“…if only that detective unit had a little more intellectual curiosity, how many other people’s mothers could have been spared?”
(Scott MacPhee whose mother was murdered by the Kenyan Killer)
Reporter Lise Olsen at the Texas Observer has done an extensive examination of the failure of police departments across the country to solve murder cases that if solved early could have saved many other lives.
The report is long and begins with a recitation of the failings in the Texas case to identify early-on an alleged serial killer I call the Kenyan Killer, Billy Chemirmir, who alternately is believed to have posed as a health care worker or a maintenance man to gain access to elderly women’s homes and apartments some in upscale senior living facilities where families had every expectation that their beloved mother was safe.
I have an extensive file on the case. Click here.
See my post last month:
Olsen, at the Texas Observer, features the Dallas area police departments failures, but broadens her report to explain a reduction in the number of murder cases solved nationwide is a growing and shameful problem.
I will add one more shameful matter involving the Chemirmir case and that is that the national media has apparently decided to relegate the case to Texas media only.
As more homicide cases go unsolved, the backlog of unsolved murders grows and serial killers are free to kill again. Too few police departments are effectively deploying their resources to stop them.
Please read it all.
Olsen wraps with this story which I hadn’t previously heard about. At least a half a dozen vulnerable women were killed after Carolyn MacPhee who died on December 31, 2017 at the hands of Billy Chemirmir.
She fought hard because his DNA was (too late) found on her glasses.
Carolyn MacPhee met Chemirmir in October 2016 when her husband of nearly 60 years, Jack, was dying of a progressive nervous system disorder. The MacPhees had met in the 1950s at Washington State University in the mountains of Spokane. Even in her early 80s, Carolyn still had the flair of the girl she’d been when they became college sweethearts. She didn’t want to send Jack to an institution, but needed help to care for him in their Plano home. She found Chemirmir, who was working under the alias Benjamin Koitaba, through a service that claimed to vet home health workers, although Chemirmir, using a fake ID and already with a criminal record, should not have passed a background check. [Should not have still been in the country in my view!—ed]
“Koitaba” worked as a replacement caregiver in the MacPhees’ home off and on for four months—long enough to learn the family’s routine and the layout of their home.
As part of the care team, he received notice when Jack died. He came back to murder his former patient’s widow six months later, according to a Collin County indictment.When found on Sunday, December 31, 2017, Carolyn was dressed up and ready to go out to church.
Her son, Scott MacPhee, came to his mother’s house to meet Plano police officers that day. He was mystified by what he observed: “It was cold that day, but her coat had disappeared. And two valuable rings she always wore were missing.” He challenged a Plano detective about the missing items, but the response was, according to him, “Old people hide their stuff.”There was blood in the bathroom, in the garage, near her body, and even on her glasses. And yet his mother had no obvious wounds. Officers collected no samples of the blood. Nor did they take photos or videos, he said. No autopsy was ordered by Collin County officials.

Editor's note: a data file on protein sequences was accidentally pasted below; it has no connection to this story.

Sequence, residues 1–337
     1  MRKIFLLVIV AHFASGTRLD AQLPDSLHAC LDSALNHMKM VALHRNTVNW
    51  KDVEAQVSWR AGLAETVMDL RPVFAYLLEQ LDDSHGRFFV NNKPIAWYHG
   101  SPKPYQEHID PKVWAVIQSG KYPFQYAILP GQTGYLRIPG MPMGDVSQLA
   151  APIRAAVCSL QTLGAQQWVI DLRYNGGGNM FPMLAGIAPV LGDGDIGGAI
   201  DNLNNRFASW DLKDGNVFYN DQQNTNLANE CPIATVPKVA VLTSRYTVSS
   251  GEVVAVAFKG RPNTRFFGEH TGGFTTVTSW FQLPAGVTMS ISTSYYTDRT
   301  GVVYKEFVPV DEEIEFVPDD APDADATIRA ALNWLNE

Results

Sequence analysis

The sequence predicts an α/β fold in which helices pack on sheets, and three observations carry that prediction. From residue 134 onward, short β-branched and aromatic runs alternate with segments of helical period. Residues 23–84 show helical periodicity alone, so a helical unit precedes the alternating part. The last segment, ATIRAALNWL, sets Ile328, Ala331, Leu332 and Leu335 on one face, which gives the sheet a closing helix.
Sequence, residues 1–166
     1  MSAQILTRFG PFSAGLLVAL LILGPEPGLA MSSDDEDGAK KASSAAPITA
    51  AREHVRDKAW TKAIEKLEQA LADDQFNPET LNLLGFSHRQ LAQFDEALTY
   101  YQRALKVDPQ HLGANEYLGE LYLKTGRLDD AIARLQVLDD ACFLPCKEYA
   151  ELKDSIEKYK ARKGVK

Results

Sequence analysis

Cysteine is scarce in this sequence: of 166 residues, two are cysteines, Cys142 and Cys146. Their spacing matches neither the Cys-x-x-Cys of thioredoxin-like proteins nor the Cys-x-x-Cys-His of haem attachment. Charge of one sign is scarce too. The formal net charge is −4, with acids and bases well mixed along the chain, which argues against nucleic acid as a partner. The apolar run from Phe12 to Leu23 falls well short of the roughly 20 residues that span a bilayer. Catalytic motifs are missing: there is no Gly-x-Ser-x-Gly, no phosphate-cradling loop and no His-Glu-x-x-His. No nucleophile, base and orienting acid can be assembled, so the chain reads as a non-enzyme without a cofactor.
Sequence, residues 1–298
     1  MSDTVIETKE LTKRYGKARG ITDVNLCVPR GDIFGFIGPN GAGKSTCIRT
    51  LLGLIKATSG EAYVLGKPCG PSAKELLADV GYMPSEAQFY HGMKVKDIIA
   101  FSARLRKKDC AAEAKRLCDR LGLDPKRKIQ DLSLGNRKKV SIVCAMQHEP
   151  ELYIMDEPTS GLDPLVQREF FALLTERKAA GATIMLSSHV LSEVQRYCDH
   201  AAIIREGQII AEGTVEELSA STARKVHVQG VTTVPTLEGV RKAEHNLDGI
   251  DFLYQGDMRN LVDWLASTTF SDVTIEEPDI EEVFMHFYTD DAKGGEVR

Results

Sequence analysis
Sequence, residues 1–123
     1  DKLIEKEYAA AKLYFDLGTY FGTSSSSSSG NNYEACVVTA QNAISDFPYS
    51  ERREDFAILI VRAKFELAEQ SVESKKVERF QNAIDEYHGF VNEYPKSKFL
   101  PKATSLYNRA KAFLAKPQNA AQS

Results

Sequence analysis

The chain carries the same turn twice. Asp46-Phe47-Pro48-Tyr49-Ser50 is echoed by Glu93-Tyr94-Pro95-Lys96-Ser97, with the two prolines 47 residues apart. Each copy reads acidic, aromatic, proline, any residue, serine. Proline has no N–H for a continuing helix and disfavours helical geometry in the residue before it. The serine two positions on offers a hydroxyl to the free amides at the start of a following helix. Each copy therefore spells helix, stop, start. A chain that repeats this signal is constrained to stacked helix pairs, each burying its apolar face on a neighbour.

The death investigation seemed like a whirlwind, Scott said: “We found her, the cops show up, the paramedics show up, the CSI department shows up, and they rope things off, they do all their investigation, and the detective says she died of natural causes.”
Months later, when he saw the news stories about Chemirmir’s arrest and all the other killings and robberies of older women, he called police again.Eventually, they called back. Through cell phone records, investigators told him they knew that Chemirmir had visited his mother’s home on the day she died. They requested her bloodstained glasses, which he had saved. On them was Chemirmir’s DNA.
So far, Carolyn MacPhee is the only victim whom police have identified among Chemirmir’s former home health clients, although he worked in other homes between 2013 and 2019, her son said. In that same period, police say he was carrying outserial murders.
What Scott can’t stop wondering is this: How many elderly people were marked as natural deaths whose deaths were not natural at all?
Publicly, the Plano, Dallas, and Richardson police departments have said that they are reviewing more than 750 other unassisted elderly deaths over the past 10 years, but Scott is skeptical of their commitment to the cold murder cases. “I have no evidence they’ve done that. I’ve seen no more indictments.”
He now suspects his mom, fit and feisty, died only after trying to fight off her killer. He believes other lives could have been saved if the blood the killer left behind in his mother’s home had been tested sooner. “Nothing is going to bring her back, he said. “But if only that detective unit had a little more intellectual curiosity, how many other people’s mothers could have been spared?”
Carolyn lived by Jesus’ commandment in John 13:34-35, “A new command I give you: Love one another. As I have loved you, so you must love one another. By this everyone will know that you are my disciples, if you love one another.”
Don’t miss my post below.
Visit Save our Seniors Safety and subscribe to their newsletter to keep up with what these women are doing to make sure their mothers’ deaths are not forgotten and that some good comes from their personal tragedies.
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